Alfred Dunhill have left the Argentinian market until conditions become more conducive to growth
2012 has seen a number of global brands retrenching, in both the luxury and financial spheres. A recent high profile example is the sale of Merrill Lynch’s wealth management business to Julius Baer. However, similar disposals have been made by the likes of Credit Suisse and the private banking arms of Societe Generale, Lloyds TSB and HSBC.
What we appear to be seeing is the end of the age of loss-leading expansion into new markets, or “non-core” business areas, subsidised by established success elsewhere.
HSBC’s five filters test typifies the rationale behind these withdrawals: a focus on profitability, efficiency, liquidity, economic development and “connectivity” with other elements of the business. In essence, what would have been viewed in optimistic times as expansion is now warily regarded as being spread too thin.
“ The end of the age of loss-leading expansion into new markets or “non-core” business areas ”
The growing cost of regulatory compliance and pressure to strengthen balance sheets has played a role in this cost-cutting exercise. In addition, the uncertainty of future policy also acts to encourage these defensive de-leveraging strategies.
Whilst regulatory and recapitalisation requirements do not apply directly to prestige brands, the recent withdrawals we have seen in wealth management are largely driven by politics rather than pure market conditions.
The implementation of governmental import restrictions in Argentina has led to an exodus of global luxury brands, such as Ralph Lauren, Calvin Klein, Cartier, Kenzo and Emporio Armani. Combined with high import taxes and tightened currency restrictions, Argentina has become a difficult place for foreign brands to conduct business.
“ The implementation of governmental import restrictions in Argentina has led to an exodus of global luxury brands ”
Conversely, the Indian government has disappointed some in not pushing ahead as aggressively as once hoped with economic reforms. This has caused several notable early entrants to re-think their strategies, or withdraw entirely.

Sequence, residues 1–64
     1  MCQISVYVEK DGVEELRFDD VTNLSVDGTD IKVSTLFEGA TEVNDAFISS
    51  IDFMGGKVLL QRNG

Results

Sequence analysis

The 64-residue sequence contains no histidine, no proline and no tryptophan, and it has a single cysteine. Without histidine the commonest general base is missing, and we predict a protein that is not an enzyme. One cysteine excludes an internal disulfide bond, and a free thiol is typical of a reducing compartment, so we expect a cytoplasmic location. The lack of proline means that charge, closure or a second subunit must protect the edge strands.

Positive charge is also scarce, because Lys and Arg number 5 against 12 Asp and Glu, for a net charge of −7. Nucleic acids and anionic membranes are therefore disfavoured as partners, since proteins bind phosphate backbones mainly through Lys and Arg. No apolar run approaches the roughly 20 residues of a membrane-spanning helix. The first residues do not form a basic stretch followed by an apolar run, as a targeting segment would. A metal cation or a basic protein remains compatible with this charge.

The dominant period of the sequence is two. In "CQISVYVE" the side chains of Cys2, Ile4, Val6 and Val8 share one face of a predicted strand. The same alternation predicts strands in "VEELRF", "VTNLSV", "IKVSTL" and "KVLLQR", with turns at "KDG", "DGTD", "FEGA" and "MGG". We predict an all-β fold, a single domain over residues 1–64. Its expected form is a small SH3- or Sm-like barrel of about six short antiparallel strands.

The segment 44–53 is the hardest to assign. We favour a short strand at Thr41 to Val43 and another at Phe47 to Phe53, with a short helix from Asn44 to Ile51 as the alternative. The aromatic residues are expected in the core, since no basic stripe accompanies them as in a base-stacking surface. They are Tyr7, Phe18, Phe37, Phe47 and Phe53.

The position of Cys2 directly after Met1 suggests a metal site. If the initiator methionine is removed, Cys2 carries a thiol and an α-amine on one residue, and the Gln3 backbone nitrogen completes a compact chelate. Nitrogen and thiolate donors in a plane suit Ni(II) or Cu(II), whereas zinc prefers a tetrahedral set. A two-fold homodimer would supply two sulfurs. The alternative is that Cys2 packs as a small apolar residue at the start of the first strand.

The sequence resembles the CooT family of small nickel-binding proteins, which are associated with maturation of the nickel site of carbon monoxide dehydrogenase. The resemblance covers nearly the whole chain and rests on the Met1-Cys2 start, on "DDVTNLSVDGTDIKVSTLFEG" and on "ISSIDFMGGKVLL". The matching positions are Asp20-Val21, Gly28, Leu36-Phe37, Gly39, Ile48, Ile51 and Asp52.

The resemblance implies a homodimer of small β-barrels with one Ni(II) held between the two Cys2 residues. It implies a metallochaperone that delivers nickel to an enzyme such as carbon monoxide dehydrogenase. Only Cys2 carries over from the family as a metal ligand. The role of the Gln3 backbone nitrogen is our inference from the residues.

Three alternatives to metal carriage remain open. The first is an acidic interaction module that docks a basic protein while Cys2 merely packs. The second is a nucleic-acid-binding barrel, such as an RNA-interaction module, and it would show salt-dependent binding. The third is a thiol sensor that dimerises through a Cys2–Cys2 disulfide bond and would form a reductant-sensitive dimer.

For example, in July Alfred Dunhill announced they would be exiting the market until conditions become more conducive to growth. Inadequate supply of luxury retail infrastructure has made it difficult for brands to build scale or offer the luxury shopping experience that wealthy Indians are accustomed to when shopping abroad.
Brands hoping to maintain first mover advantage in India have had to find a way to make their brands more relevant to the market – for example, by introducing limited edition lines specifically for India, or by employing new distribution channels, such as bringing the store to the customer’s home.
“ Global brands have discovered that the same operating model does not work everywhere ”
Global brands have discovered that the same operating model does not work everywhere. Conditions and challenges vary by market and the current climate has forced players to decide where their efforts are reaping the most reward.
For some, the potential in a new market outweighs the cost of having to adapt to it, but for others, the market they can gain the most from is the one on their doorstep.
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